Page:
Gov. Brown signs latest relief package for water infrastructure, farmworkers
Water now $1,350 per acre-foot
Merdies Hayes | 3/7/2014, midnight
Gov. Jerry Brown this week signed a $687 million relief package for infrastructure improvements, emergency water shortages and money for agriculture statewide as the drought continues to press finances from water table to dinner table.
Both houses of the state legislature gave unanimous support to the measure which will include efforts to improve groundwater management and rainwater capture. It will also send money to communities at risk of running out of drinking water and includes food and housing assistance for farmworkers whose fields have been laid fallow. There is another $1 million slated for a water conservation public awareness campaign.
“Legislators across the aisle have now voted to help hard-pressed communities that face water shortages,” Brown said. “This legislation marks a crucial step—but Californians must continue to take every action possible to conserve water.” Most of the money, $549 million, comes from water and flood-prevention bonds voters approved in 2006, with smaller amounts from the state’s greenhouse gas reduction program and the general fund.
The showers last weekend have had minimal effect on the state landscape as produce and livestock numbers throughout the state have taken a hard hit.
In a UC Davis study conducted last month, the Cattleman’s Association was surveyed to see how the dry conditions were impacting their industry and way of life. Most said their costs are rising, forcing them to purchase more expensive hay, while some have had to sell off cattle. “The drought is particularly deep,” said Ken Tate, a botanist at UC Davis. “It’s affecting ranchers across the entire state...nobody’s really immune to it.” Tate added that farmers who grow their own crops rely on irrigation systems, and with the shallow snowpack in the Sierra Nevadas some reservoirs may not have an adequate supply of water this summer.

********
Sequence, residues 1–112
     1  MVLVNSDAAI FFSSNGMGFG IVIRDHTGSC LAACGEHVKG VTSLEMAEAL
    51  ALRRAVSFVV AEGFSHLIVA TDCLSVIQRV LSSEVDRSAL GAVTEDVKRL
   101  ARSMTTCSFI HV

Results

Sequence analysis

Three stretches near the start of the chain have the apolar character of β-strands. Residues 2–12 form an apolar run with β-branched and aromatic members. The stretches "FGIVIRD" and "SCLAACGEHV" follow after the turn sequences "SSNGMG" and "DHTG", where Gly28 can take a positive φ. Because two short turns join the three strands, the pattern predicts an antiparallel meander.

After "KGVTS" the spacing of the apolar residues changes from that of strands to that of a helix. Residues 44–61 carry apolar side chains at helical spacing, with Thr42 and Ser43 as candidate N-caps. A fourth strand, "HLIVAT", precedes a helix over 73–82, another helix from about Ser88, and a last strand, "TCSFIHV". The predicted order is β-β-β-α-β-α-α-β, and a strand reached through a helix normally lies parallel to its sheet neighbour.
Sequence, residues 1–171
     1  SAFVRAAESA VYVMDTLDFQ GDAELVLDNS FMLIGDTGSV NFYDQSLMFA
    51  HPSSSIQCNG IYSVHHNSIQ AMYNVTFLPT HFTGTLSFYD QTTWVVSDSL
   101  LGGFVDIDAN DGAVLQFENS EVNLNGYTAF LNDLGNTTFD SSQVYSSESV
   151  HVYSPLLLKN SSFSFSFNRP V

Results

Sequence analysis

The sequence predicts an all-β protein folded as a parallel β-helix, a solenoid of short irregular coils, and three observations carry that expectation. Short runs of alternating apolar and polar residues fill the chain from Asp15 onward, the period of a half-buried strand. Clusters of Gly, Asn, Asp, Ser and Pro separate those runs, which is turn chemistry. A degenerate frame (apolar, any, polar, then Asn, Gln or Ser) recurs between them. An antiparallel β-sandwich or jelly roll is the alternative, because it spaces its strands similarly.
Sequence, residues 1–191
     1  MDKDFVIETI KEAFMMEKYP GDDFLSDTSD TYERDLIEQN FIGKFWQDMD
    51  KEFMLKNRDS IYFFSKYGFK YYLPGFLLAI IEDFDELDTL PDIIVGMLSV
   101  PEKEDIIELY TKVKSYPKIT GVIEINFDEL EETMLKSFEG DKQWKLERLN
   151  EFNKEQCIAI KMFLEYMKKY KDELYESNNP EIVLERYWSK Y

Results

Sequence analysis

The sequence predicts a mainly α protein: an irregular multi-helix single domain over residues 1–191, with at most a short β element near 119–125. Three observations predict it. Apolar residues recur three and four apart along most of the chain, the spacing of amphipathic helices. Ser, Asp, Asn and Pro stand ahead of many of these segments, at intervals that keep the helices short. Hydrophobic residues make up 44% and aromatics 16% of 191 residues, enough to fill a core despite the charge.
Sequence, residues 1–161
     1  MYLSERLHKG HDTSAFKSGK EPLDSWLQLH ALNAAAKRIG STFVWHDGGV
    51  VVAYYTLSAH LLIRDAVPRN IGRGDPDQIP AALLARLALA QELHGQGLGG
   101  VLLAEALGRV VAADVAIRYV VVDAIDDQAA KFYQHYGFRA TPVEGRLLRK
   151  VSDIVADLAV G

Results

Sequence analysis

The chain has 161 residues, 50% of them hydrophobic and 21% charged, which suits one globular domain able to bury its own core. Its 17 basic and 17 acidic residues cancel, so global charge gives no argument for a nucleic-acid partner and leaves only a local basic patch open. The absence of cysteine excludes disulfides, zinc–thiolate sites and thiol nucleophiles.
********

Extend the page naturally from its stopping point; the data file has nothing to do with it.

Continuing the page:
California has lost a minimum of 10 percent from the annual $45 billion it receives off of agricultural products. With this dire news, some farmers have resorted to a mysterious tool for locating underground water. Fans of the old West may remember seeing or at least hearing about a “divining” rod—that wishbone-shaped device that prospectors once used to find underground water. Today, so-called “dowsers” or “water witches” are being used by some desperate farmers to save their crops. These copper sticks, or “witchers,” are being used in desperation by the nation’s fourth-largest wine maker, Bronco Wine Co. in Ceres within Stanislaus County, which hopes its 40,000 acres of vineyards won’t go dry. Dozens of smaller farmers and homeowners in the Central Valley are paying dowsers to locate water on their properties. Hydrologists at the United States Geological Survey say dowsers are only successful in areas where underground water is known to be abundant.
The “Drought Monitor” report issued yesterday by the National Weather Service revealed that California remains in “exceptional” drought, down slightly from 26 percent last week. The rain did temporarily ease irrigation requirements and aided drought-stressed rangeland and winter grains (rye, wheat, barley, triticale), but the storm moved too fast southward to provide optimal amounts of moisture in the state’s key watershed areas.
Now farmers have begun to lobby for a ban on “fracking,” the controversial method of injecting huge amounts of water underground to tap petroleum reserves. This week, 145 farmers delivered a petition to Brown’s desk calling for a moratorium on the practice, citing that severe drought conditions are not the time to increase the presence of an industry that requires mass amounts of water. “Fracking makes competition for California’s water even more fierce, which could have a significant negative effect on farmers, ranchers and vintners,” said Paula Getzelman, owner of Tre Gatti Vineyards in Monterey County.
The advocacy group Food and Water Watch announced Monday that the price of water has skyrocketed from $135 an acre-foot last year to about $1,350 an acre-foot by the second week of February.